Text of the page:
Fishmongers do it, accountants do it, even geishas in a Tokyo teahouse district do it: They wind up the year by singing Beet-hoven’s Ninth Symphony. What’s more, they do it in German.
Japan’s December choral symphony boom has reached new heights this year. Nearly 10,000 people sang along with a 200-member orchestra in Osaka to kick off the season Dec. 1, while about 4,000 singers are expected to gather at Tokyo’s sumo wrestling stadium for a nationally televised performance at midnight New Year’s Eve.
“Two members of my camera crew sang the Ninth in university and I plan to show them on screen, singing in German together with the choir, during the telecast,” said Takayoshi Satoh, producer of Nippon Television’s year-end program.
Though no one is quite sure how the custom of closing the old year with Beethoven began, the number of year-end concerts is increasing. Records show 19 performances in 1962, 49 by 1977 and 103 in 1982. This December, an estimated 200,000 Japanese will take part in about 150 concerts featuring nothing but the Ninth Symphony.
Although many Japanese delight in analyzing their cultural behavior, there appear to be no simple answers as to why Beethoven’s Ninth, why always at the end of the year and why in German. The custom, which appears to have started immediately after World War II, is seen by some as a symbol of their nation’s rising from the ashes of defeat, by others as an example of a local love of festivals and by yet others as the murdering of a great piece of music.
Junichi Yano, a writer on cultural affairs, traced the boom to three Beethoven Ninth concerts in 1947, shortly after Japan’s defeat in World War II. “In those days, people had hardly enough to eat,” Yano said. “The audience must have felt the chill in their bones, and then, in a shabby hall in the middle of a bombed-out city, they heard this incredibly happy sound written by a man who could not hear.”
Beethoven borrowed Schiller’s “Ode to Joy” for the lyrics of the final thunderous movement of his work.
“There was no way those people could not have been encouraged by the example of a man who overcame his difficulties,” Yano said. “They too must have felt that beyond anguish there is joy.”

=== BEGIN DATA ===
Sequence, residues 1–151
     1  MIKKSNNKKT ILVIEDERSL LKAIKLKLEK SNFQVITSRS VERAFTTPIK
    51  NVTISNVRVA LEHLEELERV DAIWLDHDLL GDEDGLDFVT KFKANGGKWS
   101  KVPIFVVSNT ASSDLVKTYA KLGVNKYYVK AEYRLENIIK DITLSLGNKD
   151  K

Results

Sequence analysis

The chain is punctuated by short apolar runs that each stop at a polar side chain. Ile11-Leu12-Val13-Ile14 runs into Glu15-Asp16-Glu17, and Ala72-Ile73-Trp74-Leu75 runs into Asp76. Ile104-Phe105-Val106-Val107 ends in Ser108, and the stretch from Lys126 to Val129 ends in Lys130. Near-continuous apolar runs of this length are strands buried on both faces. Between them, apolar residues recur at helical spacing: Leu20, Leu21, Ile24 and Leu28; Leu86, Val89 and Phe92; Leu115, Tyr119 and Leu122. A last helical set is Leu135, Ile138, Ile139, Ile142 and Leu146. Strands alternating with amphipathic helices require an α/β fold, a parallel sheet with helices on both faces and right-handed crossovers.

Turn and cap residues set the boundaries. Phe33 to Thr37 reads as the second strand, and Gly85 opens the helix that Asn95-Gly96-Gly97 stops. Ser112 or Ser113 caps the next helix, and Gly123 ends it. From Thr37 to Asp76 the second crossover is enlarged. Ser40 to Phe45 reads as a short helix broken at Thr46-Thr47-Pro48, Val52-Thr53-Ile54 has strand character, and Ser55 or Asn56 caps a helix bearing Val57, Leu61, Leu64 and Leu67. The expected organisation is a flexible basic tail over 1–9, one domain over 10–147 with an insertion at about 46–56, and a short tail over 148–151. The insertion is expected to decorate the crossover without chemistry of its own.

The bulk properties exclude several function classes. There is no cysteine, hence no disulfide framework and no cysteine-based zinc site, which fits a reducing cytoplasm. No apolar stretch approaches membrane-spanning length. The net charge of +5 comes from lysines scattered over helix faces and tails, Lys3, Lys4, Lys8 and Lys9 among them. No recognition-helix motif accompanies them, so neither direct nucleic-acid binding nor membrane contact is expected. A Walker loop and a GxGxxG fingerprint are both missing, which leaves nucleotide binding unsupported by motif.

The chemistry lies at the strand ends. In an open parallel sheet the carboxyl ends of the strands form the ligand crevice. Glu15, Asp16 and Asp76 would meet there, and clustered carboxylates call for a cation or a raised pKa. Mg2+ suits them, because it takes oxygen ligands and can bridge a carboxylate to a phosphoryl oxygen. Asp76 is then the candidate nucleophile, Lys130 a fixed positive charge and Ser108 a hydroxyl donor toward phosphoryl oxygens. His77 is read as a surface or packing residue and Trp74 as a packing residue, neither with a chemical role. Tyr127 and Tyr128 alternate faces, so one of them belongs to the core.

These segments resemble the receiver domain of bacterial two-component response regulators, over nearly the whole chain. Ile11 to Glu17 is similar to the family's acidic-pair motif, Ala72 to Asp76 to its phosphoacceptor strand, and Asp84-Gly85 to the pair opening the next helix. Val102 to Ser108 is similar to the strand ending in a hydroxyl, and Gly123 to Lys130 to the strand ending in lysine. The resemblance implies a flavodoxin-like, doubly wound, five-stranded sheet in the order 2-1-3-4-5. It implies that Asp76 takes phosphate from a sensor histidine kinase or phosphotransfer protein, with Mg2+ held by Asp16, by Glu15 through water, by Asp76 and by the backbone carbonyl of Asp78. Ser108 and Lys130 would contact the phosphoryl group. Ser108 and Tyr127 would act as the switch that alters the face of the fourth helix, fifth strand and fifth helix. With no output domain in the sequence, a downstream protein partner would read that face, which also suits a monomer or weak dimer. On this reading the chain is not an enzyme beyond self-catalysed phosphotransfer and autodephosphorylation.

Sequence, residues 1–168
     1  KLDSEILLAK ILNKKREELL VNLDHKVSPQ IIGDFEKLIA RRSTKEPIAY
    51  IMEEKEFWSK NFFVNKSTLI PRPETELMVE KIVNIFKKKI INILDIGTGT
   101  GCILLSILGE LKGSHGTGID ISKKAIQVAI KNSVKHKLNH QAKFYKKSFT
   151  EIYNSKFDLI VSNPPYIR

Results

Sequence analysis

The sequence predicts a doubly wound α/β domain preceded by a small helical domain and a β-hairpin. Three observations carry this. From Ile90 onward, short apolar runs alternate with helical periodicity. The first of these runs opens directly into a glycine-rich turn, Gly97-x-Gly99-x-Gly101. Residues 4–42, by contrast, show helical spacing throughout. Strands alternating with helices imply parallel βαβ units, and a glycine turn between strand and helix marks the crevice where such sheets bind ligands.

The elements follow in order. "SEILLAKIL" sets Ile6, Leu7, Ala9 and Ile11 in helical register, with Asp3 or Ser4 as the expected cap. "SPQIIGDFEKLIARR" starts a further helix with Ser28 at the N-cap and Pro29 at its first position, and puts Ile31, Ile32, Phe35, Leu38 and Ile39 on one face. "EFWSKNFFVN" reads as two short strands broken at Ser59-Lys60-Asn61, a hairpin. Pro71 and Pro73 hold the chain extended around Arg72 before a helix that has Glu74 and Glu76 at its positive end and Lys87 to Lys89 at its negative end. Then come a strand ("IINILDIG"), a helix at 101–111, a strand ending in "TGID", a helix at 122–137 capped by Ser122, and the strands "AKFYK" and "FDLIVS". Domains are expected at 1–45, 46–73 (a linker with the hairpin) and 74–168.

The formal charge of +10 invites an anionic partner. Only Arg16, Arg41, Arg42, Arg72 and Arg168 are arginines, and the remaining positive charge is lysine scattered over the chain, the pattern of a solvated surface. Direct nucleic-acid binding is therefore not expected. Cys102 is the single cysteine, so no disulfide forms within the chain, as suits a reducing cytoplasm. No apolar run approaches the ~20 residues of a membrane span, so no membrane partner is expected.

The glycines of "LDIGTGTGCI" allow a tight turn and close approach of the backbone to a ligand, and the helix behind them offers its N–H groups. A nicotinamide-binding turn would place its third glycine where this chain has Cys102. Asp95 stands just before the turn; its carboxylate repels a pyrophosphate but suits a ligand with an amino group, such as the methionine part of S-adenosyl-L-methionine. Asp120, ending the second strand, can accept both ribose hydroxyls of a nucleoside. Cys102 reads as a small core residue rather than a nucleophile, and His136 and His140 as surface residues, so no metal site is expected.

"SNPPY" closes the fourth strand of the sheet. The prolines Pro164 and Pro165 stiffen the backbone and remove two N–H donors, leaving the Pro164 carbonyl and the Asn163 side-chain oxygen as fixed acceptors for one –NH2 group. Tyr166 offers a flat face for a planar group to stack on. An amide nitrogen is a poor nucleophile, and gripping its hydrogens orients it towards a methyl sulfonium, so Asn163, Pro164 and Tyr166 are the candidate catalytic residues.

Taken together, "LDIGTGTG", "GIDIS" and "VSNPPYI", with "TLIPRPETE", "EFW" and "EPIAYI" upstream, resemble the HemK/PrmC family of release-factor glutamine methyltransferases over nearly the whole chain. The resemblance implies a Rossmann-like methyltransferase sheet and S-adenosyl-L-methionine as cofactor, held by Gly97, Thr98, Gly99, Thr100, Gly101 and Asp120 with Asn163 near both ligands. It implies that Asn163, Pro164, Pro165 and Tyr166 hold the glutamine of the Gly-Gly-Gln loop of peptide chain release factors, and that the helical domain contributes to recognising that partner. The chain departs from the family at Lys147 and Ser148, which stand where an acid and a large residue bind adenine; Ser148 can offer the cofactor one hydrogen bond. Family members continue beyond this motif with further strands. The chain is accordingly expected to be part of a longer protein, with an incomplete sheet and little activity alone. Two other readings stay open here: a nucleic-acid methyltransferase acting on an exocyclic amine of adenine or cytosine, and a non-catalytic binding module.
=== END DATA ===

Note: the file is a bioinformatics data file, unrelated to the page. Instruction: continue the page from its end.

Another suggestion is that Japanese have taken to the Ninth because it was Beethoven’s last major work and December is the last month of the year. Simple as this may sound, the fact is that December in Japan is a month of lasts. It is when all bills must be paid, when houses must be cleaned and when ceremonial ropes are tacked onto doors and gates to show that the year has been closed.
But no matter what the reason, few who have come in contact with Japanese Beethoven cultists have failed to be impressed by their energy and dedication.
‘It Turns You On’
“They go on with such fervor it turns you on,” said Victor Feldbrill, a former conductor of the Toronto Symphony, who today teaches at Japan’s equivalent of a national conservatory. Until coming to Japan in 1983, Feldbrill had conducted the Ninth six times in a 31-year professional career. In the last three Decembers, he has done the piece 16 times.
One of the centers of Japan’s year-end Beethoven cult is Tokyo’s sumo wrestling stadium, the scene of the live telecast scheduled for New Year’s Eve. Sumida ward, which overlooks the stadium, is the site of 12 night classes in public buildings, all devoted to the study of nothing but one 10-minute passage in the last movement of the symphony.
Earlier this year, 35 geishas from a nearby teahouse district learned to sing the Ninth for the opening ceremonies of the stadium.
According to Akie Takeuchi, an accountant at a computer firm and a member of the ward’s Sumida Joy Choir, the difficulty of the German words is part of the challenge. “I know choir members who sing the Ninth to themselves on train platforms on their way to work, or who get together to coach each other at coffee shops.”
Koji Akutsu, a fish wholesaler, borrowed his son’s Sony Walkman to play special pronunciation tapes he bought from a choir so that he could listen to his part even during work. “I don’t think I’ll ever get it right, but I was so touched by how hard everyone else was trying, I just cannot quit,” he said.
The launching this year of a “sing-along with Beethoven’s Ninth” tape for choirs that cannot afford to practice with orchestras drew fire from professional musicians.
“There is very little creativity involved in leading a group following a recording,” said one conductor.
As for Kenichiro Tokunaga, first-chair cellist of Japan’s national broadcasting orchestra, even live performances of the Ninth are a bother. “There is something silly about having to play the same piece all the time,” he said.
But Koichi Sugiyama, one of Japan’s leading composers, said he cannot get enough of Beethoven in December. “Before the Beethoven boom, all I ever heard at this time of the year was ‘Jingle Bells.’ I think the Ninth is preferable to ‘Jingle Bells’ no matter how often you have to listen to it.”